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Iraqi Kurdistan Without Blinders
By Aymenn Jawad Al-Tamimi & Phillip Smyth
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Ever since the 2003 invasion of Iraq, media reports have typically drawn a contrast between the relatively prosperous the areas of Iraq under the jurisdiction of the autonomous Kurdistan Regional Government (KRG) and the rest of the country. For example, a recent piece in the Washington Post noted the construction boom in Irbil -- the capital of Iraqi Kurdistan -- as opposed to many parts of the nearby city of Mosul (outside KRG jurisdiction) that still remain derelict and in ruins after years of bomb attacks by al Qaeda, which even today extorts around $150 a month from most every business in the city. None of this comes as a surprise when one takes into account the fact that the KRG has a more liberalized market economy, whereas Baghdad still maintains a centralized command system inherited from the rule of Saddam Hussein. The Soviet-model bureaucracy remains a significant barrier to reconstruction, and it is unlikely to be dismantled anytime soon. Reliance on growing oil revenues allows Baghdad not to diversify the economy. However, in view of this economic contrast, it is often assumed that the KRG is distinguished by a policy of tolerance towards minorities. This assumption is apparent in a recent report by the New York Times entitled "Exodus from North Signals Iraqi Christians' Decline." Besides noting riots by Kurdish Islamists last year that resulted in damage to Christian and Yezidi property in the town of Zakho, the report rightly draws attention to ongoing threats from Islamist militants to Christians even in the KRG areas, which have seen much less insurgent activity than elsewhere in the country. Nonetheless, this article, as with many about the KRG, depicts minority dispersion as wholly the fault of militants. Overviews of the KRG's policies toward Christians -- especially internally displaced migrants from the central and southern parts of Iraq -- can only be described as a whitewash. Specifically, the Times report takes note of KRG claims that "the Kurdish government has offered land, free fuel and other assistance to Christians as they have arrived from Baghdad, and it has opened its universities to students from Mosul." What goes unmentioned is that the land and housing offered by the KRG to internally displaced Christian migrants are generally of poor quality and situated in very remote locations. According to Juliana Taimoorazy, president of the Iraqi Christian Relief organization, "Once in the north the Christians have to join the Kurdish Democratic Party (KDP) to be able to live modestly. However, many refuse to do so and are experiencing poverty [and] lack of education". In a similar vein, a 2007 report by United States Commission on International Religious Freedom pointed out:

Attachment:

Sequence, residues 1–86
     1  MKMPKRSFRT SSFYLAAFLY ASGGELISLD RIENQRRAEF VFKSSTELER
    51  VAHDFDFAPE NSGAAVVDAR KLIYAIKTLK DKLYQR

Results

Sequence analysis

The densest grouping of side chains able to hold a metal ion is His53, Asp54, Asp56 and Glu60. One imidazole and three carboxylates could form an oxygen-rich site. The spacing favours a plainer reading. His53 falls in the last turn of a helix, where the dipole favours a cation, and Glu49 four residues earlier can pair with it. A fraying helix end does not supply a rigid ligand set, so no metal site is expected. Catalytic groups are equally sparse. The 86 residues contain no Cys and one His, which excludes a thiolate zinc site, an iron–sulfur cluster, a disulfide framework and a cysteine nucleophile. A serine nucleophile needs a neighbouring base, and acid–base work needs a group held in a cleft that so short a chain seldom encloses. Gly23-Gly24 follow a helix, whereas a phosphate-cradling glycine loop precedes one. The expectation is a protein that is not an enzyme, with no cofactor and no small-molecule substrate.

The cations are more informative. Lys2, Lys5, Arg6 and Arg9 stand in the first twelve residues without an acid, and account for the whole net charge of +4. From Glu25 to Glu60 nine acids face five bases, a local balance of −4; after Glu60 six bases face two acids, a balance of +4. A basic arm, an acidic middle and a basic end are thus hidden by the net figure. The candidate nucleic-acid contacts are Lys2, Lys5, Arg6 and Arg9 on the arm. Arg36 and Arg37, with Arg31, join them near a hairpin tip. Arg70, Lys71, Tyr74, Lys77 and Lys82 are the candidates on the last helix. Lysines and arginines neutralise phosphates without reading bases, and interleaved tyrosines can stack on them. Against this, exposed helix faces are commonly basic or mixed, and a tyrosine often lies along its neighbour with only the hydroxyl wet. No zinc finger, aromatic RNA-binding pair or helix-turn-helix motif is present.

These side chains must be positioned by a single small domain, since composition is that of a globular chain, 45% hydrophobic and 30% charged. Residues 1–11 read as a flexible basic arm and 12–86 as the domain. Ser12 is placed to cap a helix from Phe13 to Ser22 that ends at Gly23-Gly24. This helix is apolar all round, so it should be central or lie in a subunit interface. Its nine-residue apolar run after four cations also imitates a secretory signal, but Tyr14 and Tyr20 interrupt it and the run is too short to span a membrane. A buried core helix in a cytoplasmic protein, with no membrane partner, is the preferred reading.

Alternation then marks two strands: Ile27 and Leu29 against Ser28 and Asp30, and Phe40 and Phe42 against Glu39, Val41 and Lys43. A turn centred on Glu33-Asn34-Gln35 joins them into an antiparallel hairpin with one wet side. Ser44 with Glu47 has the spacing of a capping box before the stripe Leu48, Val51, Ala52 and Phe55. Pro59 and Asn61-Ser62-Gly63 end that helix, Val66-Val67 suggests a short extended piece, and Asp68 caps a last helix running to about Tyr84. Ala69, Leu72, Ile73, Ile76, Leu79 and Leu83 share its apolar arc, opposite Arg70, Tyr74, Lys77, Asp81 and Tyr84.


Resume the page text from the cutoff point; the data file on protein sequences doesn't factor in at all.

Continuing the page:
KRG officials were also reported to have used public works projects to divert water and other vital resources from Chaldo-Assyrian to Kurdish communities

Aymenn Jawad Al-Tamimi is a student at Brasenose College, Oxford University, and an adjunct fellow at the Middle East Forum. His website is Phillip Smyth is a journalist and researcher specializing in Middle Eastern affairs. He travels regularly to the region.

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